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Two Terms for the New Age

August 17, 1993|Robin Wright

Those looking on the bright side of the post-Cold War armaments picture take heart from two developments that have already lent new buzzwords to the international weapons trade: "conditionality" and "transparency."

Conditionality links arms and defense spending to aid. States and international financial institutions are increasingly telling Third World countries that they can't have funds for development unless they cut back on defense.

"You couldn't get the World Bank or the International Monetary Fund to even think about conditionality in the 1980s because all the major donors were participants in the Cold War," said Edward J. Laurance, an arms specialist at the Monterey Institute of International Studies and a U.N. consultant. "But now governments and arms specialists worldwide are calling on all countries to report imports and exports to the U.N. arms register as a condition for receiving aid."

The new U.N. Conventional Arms Register, scheduled to appear this fall, reflects the new trend toward "transparency."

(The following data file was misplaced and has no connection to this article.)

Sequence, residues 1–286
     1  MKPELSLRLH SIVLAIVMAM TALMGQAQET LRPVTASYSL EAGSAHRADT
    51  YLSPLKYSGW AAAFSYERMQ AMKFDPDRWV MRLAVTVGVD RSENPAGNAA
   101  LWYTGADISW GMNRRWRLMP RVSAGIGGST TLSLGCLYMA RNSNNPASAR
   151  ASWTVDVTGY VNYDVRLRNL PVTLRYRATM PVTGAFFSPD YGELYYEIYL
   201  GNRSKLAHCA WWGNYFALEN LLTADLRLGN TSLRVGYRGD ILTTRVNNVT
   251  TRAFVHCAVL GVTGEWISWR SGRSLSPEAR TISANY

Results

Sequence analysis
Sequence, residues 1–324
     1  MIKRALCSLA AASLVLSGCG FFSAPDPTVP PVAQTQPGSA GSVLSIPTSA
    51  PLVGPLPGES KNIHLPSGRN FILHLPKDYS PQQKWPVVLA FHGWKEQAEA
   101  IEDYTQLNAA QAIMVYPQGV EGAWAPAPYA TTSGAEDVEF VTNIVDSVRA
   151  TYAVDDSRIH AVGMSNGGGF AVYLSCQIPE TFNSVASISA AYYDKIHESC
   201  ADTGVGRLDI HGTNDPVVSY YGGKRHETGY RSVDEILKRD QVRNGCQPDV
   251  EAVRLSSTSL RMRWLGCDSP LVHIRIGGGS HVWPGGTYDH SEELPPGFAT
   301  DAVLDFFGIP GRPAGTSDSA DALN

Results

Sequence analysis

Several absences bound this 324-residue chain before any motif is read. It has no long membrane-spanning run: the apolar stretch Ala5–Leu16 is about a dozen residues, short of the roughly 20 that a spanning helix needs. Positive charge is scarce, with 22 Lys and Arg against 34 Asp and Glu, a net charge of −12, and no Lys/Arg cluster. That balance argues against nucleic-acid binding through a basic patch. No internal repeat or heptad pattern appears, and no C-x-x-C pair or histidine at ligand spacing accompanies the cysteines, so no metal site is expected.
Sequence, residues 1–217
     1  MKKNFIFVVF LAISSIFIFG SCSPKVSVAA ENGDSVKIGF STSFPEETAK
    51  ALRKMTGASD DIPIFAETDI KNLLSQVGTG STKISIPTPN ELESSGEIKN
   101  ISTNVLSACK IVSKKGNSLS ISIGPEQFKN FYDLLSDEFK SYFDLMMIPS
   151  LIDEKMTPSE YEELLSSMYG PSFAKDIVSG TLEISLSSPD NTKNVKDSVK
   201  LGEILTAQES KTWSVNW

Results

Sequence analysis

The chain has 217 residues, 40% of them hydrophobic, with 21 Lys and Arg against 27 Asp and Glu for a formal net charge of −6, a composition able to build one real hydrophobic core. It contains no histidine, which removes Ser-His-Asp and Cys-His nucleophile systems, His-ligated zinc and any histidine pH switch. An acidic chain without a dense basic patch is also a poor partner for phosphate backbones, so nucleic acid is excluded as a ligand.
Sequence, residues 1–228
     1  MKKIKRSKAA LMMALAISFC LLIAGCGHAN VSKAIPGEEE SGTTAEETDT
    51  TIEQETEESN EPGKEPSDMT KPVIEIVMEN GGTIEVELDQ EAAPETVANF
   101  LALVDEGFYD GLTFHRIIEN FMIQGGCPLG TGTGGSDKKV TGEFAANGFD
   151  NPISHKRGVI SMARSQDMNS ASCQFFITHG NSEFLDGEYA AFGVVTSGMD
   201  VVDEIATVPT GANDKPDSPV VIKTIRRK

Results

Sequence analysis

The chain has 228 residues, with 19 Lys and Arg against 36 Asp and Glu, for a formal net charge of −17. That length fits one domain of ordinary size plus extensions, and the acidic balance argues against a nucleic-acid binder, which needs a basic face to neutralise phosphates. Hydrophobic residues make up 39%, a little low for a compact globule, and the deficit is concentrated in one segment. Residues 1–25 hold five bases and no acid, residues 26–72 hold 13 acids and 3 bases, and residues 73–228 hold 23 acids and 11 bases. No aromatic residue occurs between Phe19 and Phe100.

In the past, reports by monitoring groups were often based on educated guesswork, since governments usually kept exact figures secret. But with the end of a world divided by rival arms industries as well as ideologies, many countries from the old East Bloc and the Third World are prepared to reveal at least basic figures about imports and exports of conventional weapons.

The U.N. register is also an offshoot of the Persian Gulf conflict. "The Iraq war documented that there can be such a thing as a destabilizing and excessive accumulation of conventional arms," Laurance said. "We now have a process in place with the potential to prevent another Iraq."

Most major supplier states, with the notable exception of North Korea, have complied--and thus will provide the first official global inventory of the arms trade.

"We're looking at up to 95% of all arms traffic becoming transparent, when none of it was before. So for those countries still exporting, they do so now in a transparent environment which allows the world--if it wants to--to have the information and therefore to act on it," Laurance added. "That opens up whole new possibilities in dealing with arms sales in the future."

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